The Group of Eight industrial nations are collectively off course in delivering on a 2005 pact to more than double aid to Africa through 2010, with France and Italy falling far short of their commitments, according to a new report released on Thursday.
The annual report by the ONE anti-poverty campaign charts progress by the G8 in meeting their aid promises made at a summit in Gleneagles, Scotland, in 2005 to more than double aid to Africa to reach $25 billion a year by 2010. By the end of 2008 the G8 nations had made good on one-third of their aid commitments and by the end of this year, they are expected to meet just half of their Gleneagles targets, the report said.
The majority of the shortfall — about 80 percent — will be because of declines in aid to Africa by Italy and France, it added. “Certain members of the G8 are meeting and even beating the targets they set for themselves. Others, most notably Italy and France, have made exceptionally poor progress and are damaging the G8’s collective credibility,” the report said.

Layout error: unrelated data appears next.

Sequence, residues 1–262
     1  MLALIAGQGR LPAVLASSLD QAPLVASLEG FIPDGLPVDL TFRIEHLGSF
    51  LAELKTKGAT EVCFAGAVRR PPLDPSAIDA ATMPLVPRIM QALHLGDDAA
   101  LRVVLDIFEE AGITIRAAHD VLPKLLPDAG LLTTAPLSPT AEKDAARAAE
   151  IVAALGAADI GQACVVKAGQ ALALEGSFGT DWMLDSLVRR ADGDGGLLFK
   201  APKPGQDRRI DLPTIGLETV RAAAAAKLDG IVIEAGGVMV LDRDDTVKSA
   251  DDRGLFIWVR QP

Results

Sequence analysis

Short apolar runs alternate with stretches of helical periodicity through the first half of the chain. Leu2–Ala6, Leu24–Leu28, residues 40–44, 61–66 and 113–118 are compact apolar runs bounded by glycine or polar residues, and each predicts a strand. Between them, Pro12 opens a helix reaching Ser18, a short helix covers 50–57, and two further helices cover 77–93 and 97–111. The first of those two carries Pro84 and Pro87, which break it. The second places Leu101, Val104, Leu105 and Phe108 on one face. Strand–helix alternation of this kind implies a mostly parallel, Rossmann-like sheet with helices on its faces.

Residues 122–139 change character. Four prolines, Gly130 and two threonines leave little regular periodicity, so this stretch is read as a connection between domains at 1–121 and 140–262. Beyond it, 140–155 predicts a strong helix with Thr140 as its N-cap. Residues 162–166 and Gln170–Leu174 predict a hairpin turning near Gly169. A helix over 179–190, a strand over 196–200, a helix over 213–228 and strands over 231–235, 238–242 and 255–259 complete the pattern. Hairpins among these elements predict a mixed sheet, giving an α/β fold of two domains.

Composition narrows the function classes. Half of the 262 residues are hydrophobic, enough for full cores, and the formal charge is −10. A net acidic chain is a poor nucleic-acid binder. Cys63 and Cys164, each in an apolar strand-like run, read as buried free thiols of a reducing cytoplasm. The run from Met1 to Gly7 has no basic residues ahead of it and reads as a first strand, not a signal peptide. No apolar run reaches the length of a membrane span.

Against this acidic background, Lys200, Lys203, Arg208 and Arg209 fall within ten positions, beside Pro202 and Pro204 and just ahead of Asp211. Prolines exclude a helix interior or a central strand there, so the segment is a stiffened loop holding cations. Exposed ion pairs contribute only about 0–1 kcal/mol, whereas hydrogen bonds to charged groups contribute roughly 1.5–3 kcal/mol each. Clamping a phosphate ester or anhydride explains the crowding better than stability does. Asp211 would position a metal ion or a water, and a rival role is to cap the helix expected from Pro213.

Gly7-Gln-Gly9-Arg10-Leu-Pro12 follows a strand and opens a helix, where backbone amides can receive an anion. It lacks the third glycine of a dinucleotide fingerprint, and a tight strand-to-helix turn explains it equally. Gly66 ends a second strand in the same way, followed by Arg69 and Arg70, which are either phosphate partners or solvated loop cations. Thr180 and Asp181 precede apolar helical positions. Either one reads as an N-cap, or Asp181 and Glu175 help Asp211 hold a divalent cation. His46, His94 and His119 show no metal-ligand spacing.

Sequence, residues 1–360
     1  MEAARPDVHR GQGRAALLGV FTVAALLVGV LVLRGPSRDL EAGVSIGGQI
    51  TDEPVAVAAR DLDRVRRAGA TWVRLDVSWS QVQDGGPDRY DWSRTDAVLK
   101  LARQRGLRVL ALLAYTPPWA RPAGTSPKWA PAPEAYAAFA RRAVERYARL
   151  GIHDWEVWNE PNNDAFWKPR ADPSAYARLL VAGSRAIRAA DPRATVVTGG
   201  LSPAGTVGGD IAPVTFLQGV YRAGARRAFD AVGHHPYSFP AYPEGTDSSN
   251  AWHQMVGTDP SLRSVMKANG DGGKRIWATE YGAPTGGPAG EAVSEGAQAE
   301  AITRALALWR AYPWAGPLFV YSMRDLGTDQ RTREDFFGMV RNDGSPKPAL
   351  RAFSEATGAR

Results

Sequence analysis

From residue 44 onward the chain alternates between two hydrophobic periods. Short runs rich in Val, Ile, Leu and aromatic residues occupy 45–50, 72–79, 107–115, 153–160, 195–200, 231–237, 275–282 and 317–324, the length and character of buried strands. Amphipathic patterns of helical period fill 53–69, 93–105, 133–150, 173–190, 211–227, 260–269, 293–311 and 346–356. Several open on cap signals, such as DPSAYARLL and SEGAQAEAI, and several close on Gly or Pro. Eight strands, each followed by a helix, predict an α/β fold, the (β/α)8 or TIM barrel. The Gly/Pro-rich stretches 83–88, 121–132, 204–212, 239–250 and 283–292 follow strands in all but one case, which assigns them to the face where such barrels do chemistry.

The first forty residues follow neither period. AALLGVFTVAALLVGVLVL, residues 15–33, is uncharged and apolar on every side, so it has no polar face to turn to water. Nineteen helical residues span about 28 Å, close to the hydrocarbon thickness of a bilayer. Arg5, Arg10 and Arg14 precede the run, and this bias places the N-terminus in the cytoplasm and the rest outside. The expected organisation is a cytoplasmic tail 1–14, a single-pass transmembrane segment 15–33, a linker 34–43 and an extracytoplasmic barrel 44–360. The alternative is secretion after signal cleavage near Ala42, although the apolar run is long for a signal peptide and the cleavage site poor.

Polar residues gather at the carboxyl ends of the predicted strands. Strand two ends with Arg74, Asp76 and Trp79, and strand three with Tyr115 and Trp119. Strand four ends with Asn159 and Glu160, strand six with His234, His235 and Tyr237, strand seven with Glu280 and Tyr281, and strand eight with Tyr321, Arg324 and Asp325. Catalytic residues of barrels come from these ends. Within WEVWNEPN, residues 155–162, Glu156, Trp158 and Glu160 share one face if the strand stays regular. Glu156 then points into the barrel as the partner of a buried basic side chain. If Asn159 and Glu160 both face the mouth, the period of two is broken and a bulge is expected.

“Given how far some G8 countries have drifted from their promises, it will be challenging for the group to get back on track to keep their commitments,” it added. Many countries in the G8 have spent billions of dollars of their budgets on fiscal stimulus to spur global recovery, affecting their ability to increase foreign assistance.
SOURCED FROM REUTERS